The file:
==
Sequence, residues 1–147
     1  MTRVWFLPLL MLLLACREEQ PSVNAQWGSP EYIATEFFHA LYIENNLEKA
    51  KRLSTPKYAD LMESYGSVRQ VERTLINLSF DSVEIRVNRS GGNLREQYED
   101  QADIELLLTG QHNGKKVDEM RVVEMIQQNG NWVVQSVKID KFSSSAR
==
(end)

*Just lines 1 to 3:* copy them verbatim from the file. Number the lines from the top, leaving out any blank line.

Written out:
Sequence, residues 1–147
     1  MTRVWFLPLL MLLLACREEQ PSVNAQWGSP EYIATEFFHA LYIENNLEKA
    51  KRLSTPKYAD LMESYGSVRQ VERTLINLSF DSVEIRVNRS GGNLREQYED